Only the very fortunate can possess a level of freedom beyond existence. To pursue ideals indicates that a person has experienced some measure of inner freedom. Those without external freedoms are often the first to develop inner freedom; it’s the path of deep spirituality. Those with external freedoms tend to diminish inner freedoms. This is why the young rich leader was so disheartened after meeting Jesus (Luke 18:23). Power easily corrupts us without this internal counterbalance.

Freedom then, is something we can possess, but for most is narrowly missed. Instead we mistakenly get entangled in the scrimmages for freedom because we have been converted to the notion that we have to fight for it or defend it. If life is a zero sum game then war is inevitable. If life and freedom are generative, then living them out is their course of expansion. Wisdom tells us that forgoing a measure of personal freedom, actually enlarges our capacity for greater freedoms. Every parent knows this: freedom potentiates through sacrifice and shrinks in selfishness. Thus the only fight for freedom is the one within each of us and whether we will sacrificially extend freedom to another.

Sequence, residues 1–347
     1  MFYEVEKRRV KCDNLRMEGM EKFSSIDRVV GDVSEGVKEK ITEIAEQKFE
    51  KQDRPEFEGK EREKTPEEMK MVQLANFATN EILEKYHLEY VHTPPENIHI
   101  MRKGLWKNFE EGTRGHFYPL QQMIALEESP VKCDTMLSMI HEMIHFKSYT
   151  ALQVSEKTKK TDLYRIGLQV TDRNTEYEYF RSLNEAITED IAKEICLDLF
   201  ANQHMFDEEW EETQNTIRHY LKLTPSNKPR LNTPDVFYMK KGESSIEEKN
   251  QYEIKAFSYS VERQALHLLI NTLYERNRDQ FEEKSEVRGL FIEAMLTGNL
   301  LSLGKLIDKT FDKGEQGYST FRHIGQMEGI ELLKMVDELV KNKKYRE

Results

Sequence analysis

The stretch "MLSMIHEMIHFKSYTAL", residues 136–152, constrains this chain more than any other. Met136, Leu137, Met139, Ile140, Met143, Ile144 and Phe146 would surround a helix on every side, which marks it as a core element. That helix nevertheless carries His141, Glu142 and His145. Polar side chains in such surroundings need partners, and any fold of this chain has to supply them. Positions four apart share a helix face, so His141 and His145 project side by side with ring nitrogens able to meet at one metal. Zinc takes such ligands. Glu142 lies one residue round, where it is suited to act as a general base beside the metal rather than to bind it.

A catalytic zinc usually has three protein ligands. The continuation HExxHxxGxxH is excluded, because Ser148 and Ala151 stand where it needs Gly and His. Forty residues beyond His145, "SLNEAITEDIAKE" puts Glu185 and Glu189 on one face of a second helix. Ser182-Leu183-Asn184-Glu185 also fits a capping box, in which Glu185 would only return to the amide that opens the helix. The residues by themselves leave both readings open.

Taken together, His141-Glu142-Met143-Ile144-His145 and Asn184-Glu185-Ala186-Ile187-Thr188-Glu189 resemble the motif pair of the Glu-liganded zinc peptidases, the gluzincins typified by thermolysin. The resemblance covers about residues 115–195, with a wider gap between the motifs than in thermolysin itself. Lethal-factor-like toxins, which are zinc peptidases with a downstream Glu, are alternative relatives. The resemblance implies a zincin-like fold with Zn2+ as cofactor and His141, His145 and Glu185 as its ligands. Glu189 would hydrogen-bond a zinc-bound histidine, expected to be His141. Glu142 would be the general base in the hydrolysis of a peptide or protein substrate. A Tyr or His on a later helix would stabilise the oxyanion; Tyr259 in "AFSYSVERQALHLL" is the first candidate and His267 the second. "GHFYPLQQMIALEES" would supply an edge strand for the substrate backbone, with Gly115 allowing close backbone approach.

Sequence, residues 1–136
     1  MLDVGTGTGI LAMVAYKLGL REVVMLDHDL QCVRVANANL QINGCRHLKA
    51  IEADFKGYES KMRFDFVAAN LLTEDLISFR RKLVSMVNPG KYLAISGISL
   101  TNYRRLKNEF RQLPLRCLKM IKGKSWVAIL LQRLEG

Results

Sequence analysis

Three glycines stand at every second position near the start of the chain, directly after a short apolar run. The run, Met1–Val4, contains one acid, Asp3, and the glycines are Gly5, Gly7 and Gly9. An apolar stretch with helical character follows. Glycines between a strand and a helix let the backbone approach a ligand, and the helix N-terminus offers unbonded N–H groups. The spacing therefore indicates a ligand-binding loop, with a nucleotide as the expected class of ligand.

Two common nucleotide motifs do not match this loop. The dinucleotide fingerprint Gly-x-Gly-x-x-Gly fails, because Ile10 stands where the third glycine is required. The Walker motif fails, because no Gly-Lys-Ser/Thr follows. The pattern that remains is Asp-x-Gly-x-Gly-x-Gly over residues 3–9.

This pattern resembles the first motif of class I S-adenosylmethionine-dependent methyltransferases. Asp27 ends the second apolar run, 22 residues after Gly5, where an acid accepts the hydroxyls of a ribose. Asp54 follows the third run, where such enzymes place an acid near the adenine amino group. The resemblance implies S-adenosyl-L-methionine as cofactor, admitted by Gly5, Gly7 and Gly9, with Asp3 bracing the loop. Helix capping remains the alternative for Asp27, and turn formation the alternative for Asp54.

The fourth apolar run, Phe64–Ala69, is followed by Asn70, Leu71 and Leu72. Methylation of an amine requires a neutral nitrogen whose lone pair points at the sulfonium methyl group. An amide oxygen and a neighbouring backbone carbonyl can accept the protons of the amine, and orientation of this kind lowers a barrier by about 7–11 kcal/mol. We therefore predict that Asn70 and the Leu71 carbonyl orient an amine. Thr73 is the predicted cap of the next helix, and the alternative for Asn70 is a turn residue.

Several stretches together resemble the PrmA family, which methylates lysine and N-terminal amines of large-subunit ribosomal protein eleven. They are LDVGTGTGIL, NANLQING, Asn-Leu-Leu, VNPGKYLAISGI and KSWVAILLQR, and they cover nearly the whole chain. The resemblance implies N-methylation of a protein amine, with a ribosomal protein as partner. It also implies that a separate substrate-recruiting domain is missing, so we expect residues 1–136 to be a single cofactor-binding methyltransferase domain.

Let’s test this in our cars. Will you extend freedom to a merging car into your lane? Or will you close the gap and defend your right to freely be in front? We must access the heart level or we miss freedom entirely. Giving up a car length takes much more than we think because it requires us to see others as ourselves. The moment we do this, we are as free as any person can ever be. If we can transform our commute, we can transform our world. Freedom starts within us.